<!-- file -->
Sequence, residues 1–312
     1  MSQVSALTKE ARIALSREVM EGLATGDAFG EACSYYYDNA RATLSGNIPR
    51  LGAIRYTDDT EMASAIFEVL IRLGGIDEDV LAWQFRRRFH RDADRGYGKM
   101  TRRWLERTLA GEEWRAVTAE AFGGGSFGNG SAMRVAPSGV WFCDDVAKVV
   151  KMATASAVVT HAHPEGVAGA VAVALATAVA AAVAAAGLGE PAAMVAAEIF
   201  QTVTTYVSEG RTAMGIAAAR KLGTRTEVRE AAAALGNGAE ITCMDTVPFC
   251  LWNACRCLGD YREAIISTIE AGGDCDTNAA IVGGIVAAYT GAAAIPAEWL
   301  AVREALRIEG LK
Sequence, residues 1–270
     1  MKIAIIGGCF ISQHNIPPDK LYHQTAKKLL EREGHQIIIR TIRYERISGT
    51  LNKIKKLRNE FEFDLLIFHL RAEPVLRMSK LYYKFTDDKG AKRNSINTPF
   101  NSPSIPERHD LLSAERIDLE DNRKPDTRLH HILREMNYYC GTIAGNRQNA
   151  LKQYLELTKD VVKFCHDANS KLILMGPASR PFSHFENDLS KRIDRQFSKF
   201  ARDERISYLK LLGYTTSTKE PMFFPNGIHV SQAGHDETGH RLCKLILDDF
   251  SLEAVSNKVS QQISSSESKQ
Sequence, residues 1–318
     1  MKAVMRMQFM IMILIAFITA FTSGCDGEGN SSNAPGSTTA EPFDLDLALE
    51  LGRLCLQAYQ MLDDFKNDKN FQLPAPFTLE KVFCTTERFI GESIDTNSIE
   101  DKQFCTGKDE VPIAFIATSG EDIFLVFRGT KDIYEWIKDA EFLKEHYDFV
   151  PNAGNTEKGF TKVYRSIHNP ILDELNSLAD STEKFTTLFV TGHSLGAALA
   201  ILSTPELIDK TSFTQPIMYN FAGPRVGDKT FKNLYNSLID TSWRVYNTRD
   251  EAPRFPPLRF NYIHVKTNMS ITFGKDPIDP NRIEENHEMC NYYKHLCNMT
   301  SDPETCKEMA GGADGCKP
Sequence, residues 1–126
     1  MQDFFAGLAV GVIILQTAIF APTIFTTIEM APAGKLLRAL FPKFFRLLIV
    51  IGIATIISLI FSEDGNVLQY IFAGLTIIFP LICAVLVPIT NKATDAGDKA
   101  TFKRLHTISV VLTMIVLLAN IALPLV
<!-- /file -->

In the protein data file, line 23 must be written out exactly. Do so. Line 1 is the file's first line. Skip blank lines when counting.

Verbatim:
   301  SDPETCKEMA GGADGCKP